Yes, I realize most people think beach and suntan oil. For me, this scent is all about Christmas. This scent transports me back to being in elementary school and helping to make coconut snap cookies. Brown sugar, Brer Rabbit molasses, butter and canned coconut. The "batter" mixture was so thick, it could stop the beaters on the electric mixer. So this often required prolonged, manual hand mixing. I felt so privileged and grown up to be helping to make one of my favorite cookies. It never occurred to me that it was the amount of labor involved that prompted my mother to put me and Dad to work.  When I changed my diet about six years ago, I started to cook with coconut oil. I throw some in with vegetables or use it on the rare occasions when I fry or saute something. There's always some left on the spoon, so I stick in my mouth. Tasting and smelling coconut oil is a simulateous sensation. And I'm back in the kitchen at Christmastime.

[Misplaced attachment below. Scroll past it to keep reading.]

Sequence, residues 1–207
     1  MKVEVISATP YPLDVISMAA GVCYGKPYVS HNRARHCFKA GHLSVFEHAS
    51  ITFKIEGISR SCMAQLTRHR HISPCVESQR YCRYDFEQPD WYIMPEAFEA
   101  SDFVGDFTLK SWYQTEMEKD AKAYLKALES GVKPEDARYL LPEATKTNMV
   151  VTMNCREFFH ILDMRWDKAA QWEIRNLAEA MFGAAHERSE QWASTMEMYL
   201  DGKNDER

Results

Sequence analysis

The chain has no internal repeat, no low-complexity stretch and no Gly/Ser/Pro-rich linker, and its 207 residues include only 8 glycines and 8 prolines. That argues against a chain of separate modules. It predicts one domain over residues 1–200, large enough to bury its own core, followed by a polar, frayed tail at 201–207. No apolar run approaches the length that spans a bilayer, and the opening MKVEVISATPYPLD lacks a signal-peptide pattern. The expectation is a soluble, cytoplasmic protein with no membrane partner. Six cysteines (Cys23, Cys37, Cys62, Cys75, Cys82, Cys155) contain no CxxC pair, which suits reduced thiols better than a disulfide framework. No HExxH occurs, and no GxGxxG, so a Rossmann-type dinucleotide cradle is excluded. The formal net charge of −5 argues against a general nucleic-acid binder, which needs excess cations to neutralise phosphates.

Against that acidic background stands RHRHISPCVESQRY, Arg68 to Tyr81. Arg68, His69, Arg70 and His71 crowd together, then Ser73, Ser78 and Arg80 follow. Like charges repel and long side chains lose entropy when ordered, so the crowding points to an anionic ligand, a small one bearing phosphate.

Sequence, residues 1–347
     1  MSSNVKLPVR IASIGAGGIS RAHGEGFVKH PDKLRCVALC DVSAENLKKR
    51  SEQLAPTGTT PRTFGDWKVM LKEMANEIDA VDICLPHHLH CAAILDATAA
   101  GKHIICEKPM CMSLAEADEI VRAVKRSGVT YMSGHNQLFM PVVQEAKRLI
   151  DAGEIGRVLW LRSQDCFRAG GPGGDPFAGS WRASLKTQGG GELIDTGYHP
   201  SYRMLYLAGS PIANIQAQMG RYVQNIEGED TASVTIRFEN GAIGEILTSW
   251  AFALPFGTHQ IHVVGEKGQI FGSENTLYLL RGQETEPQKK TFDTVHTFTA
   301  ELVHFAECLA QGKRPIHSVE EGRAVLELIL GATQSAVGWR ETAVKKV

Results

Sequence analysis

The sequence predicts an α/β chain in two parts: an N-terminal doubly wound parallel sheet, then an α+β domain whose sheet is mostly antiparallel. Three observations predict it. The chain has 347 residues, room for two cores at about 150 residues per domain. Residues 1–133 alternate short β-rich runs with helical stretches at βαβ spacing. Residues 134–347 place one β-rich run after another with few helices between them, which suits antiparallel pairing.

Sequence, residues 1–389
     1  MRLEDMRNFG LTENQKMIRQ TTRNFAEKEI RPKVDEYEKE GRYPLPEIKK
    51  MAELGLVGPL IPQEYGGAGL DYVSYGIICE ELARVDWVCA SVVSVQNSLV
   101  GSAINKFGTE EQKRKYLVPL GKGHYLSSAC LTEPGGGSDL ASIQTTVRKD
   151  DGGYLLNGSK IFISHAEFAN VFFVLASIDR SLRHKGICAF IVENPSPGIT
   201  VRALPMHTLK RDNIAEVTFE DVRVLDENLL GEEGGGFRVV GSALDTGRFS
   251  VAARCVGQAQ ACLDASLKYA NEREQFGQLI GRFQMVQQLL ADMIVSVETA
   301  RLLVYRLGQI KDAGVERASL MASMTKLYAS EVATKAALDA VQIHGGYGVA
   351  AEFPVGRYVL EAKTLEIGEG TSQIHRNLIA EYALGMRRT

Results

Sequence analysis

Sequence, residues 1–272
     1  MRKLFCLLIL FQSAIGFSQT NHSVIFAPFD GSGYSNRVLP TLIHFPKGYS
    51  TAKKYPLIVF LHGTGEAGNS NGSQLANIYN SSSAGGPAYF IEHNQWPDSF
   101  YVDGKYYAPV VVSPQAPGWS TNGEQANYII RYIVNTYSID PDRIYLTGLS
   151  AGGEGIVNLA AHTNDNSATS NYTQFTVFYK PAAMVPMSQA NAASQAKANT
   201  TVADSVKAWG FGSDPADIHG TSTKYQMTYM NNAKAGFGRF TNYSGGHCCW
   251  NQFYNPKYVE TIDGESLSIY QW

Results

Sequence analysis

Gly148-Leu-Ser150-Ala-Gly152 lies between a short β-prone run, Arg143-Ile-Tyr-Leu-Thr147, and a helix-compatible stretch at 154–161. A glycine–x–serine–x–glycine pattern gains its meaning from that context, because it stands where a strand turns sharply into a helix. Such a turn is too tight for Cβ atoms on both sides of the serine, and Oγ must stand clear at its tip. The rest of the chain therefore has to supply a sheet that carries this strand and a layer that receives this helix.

4. Spearmint 
The smell of mint tea reminds me of summer days at my Grandmother's house. It was an old brick row house with a nice sized back yard (for the city).  Grandma had a green thumb, and so apparently, did my Grandfather.  They grew tomatoes, flowers and rhododendrons. We used to forage for johnny jump ups and the spearmint leaves that grew wild in the grass or the flower beds. We'd bring handfuls of mint to my grandmother. She'd put them in a glass pitcher, pour boiling water over them and add sugar.  I can still picture sitting at the kitchen table with its grey and white swirly formica top, impatiently waiting for the steeping tea leaves to turn the water a pale yellow.